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Mindful : December 2013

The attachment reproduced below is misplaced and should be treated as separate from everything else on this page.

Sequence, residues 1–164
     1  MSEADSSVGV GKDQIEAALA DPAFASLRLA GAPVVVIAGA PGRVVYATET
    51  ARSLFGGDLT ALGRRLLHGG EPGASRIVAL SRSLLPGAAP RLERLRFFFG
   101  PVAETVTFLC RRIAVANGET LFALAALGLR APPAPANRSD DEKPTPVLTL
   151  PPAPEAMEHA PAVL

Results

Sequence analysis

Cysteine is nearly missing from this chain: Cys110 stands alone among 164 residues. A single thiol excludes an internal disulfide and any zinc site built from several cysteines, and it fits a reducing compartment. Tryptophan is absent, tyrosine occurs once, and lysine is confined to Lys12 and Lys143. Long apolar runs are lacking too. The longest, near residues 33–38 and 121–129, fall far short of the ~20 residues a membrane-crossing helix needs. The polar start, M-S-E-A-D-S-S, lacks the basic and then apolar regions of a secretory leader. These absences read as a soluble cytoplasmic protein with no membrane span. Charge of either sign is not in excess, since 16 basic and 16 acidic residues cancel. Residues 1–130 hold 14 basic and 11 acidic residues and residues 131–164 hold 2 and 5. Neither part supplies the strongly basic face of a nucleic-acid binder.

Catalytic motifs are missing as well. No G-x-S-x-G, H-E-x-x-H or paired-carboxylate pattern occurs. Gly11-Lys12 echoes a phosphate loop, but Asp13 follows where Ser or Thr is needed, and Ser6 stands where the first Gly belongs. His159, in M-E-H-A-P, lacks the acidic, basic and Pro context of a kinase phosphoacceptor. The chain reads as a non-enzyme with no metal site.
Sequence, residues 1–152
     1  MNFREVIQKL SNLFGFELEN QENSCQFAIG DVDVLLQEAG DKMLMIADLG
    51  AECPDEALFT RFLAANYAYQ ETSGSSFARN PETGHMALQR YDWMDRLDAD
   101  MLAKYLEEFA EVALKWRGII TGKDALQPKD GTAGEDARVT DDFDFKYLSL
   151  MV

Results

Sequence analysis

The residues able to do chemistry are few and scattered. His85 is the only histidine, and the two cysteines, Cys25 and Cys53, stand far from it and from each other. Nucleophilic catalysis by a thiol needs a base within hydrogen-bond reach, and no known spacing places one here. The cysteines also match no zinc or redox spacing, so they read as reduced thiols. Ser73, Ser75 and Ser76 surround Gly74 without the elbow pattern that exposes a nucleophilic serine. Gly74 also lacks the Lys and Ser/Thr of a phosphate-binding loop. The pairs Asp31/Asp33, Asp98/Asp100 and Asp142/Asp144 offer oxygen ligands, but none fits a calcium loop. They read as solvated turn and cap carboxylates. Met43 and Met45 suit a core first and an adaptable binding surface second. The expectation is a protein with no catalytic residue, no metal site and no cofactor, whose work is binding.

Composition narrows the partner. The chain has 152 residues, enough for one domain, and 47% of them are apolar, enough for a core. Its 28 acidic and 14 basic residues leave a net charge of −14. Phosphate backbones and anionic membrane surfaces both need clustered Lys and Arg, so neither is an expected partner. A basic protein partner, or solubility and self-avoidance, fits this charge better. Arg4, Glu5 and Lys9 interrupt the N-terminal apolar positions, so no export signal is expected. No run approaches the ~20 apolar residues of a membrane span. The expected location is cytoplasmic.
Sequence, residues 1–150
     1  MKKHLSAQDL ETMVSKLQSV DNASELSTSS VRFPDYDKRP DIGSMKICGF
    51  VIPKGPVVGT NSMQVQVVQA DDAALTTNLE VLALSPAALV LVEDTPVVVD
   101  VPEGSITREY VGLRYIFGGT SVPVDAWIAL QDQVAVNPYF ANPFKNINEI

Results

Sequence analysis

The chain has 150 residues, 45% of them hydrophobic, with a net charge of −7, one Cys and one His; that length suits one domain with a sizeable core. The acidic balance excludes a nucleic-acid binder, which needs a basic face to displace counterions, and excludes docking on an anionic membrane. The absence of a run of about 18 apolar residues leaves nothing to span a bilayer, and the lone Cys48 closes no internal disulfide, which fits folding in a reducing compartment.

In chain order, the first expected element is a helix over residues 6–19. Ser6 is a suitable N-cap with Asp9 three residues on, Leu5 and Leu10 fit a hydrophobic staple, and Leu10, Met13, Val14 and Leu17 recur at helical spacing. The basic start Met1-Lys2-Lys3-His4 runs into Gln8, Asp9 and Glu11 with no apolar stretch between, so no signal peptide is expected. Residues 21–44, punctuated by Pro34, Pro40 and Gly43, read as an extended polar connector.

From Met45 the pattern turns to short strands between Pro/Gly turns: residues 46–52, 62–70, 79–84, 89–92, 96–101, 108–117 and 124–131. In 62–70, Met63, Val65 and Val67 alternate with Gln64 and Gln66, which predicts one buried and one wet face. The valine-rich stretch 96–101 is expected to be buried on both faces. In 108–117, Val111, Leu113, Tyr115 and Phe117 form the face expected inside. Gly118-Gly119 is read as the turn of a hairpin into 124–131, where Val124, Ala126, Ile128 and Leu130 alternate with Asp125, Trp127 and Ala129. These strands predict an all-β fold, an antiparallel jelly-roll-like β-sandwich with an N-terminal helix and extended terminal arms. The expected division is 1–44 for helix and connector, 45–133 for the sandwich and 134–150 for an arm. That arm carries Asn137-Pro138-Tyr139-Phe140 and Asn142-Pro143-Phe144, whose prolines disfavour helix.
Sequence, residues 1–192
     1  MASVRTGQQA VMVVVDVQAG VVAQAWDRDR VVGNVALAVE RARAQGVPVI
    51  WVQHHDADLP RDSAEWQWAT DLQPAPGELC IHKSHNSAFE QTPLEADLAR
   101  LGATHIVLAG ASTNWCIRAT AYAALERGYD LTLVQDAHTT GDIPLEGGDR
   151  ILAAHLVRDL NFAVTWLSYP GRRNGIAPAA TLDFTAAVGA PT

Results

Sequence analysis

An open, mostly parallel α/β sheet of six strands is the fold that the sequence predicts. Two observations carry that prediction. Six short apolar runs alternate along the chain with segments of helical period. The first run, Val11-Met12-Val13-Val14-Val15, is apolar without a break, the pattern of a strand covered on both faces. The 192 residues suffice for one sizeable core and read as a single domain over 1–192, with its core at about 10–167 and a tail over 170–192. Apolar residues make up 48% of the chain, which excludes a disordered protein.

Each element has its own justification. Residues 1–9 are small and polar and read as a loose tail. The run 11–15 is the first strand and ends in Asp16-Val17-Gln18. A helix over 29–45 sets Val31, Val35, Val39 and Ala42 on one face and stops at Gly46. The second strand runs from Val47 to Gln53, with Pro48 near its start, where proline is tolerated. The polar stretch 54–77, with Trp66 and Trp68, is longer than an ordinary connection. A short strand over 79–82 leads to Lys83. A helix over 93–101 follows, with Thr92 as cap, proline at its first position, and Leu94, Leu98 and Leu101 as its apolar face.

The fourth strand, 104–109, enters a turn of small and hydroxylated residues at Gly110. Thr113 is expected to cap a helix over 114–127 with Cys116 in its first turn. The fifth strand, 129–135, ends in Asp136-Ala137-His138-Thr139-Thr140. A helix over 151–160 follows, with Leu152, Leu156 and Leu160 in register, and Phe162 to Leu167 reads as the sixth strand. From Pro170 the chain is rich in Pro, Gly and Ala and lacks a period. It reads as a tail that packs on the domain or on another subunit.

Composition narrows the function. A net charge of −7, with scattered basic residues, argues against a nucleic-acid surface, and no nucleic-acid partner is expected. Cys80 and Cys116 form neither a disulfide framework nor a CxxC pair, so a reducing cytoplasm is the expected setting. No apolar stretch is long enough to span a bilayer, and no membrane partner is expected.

December 2013 mindful 41 education Students built the sea school’s first ship, the Dorothea. After being damaged in a big storm in 2011, the vessel has been rebuilt and is seaworthy once again. learn to appreciate the value of taking a real break. There’s nothing radical in that idea. We all know what it feels like to take a deep breath and make a fresh start.” Zoe Nudell says that taking a break from reg ular life is an essential part of why teenagers take to the sea school. The way she sees it, what they all have in common is a feeling of being fundamen- tally uncertain and unsafe. “They’re all desperate for validation, afraid they’re not good enough, not cool enough,” she says. “ You put them in a tiny boat where they can’t escape from each other, and the first thing they learn is that they can’t get by on pretending. “Our society is extremely individualistic at this point, and most of the pursuits you’d choose as a teenager are focused on yourself,” says Nudell. “On the boat, you can’t do anything on your own.” For ma ny of the students, that understanding happens by the third day of a sea school trip, when the teens start to adapt to the demands of the environment, the ocean, the tasks on the boat, and each other. “That’s when I start seeing indications of real awareness, as well as compassion a mong crew mem- bers,” says Nudell. “It’s an experience of immediacy that’s both relaxing and fulfilling. All of a sudden they get to just be there.” For Stookey, the challenges of the real world are the best teacher. That ’s why he resists suggestions to ma ke the sea school more efficient—for example, by using more sophisticated technology or a bigger, comfier boat. “There’s no benefit to it being easy,” he says. “ When it’s hard, people learn to be patient with each other. That applies in a lot of situations ashore as well. The more efficient we get, the less contact we have with each other and the less opportunity we have to solve problems together. ” He adds with a chuckle, “I’m a big fan of inefficiency.” Turns out teenagers take to it as well. Carlo Myers is excited about going back to sea on the little boat. He’s planning on t wo sea school voyages next year. The smallness of the boat in the big open sea has helped him appreciate space in his life on land. When he got back home he noticed, “I have a lot of room to walk around.” And Claire Fraser ’s favorite pa rt of the voyage? When she was on the tiller, helping navigate the ship into a narrow cove. “I was being really careful,” she says, looking like she’s reliving the stress of that moment. “And I got us in.” She smiles big. “And then, when we swam, it was the warmest water. It was so beautiful. The sun was out. It was paradise.” ● See students in action with video from the Nova Scotia Sea School and read excerpts of teenagers’ stories from the boat at mindful. org/seaschool Carsten Knox is associate editor of Mindful.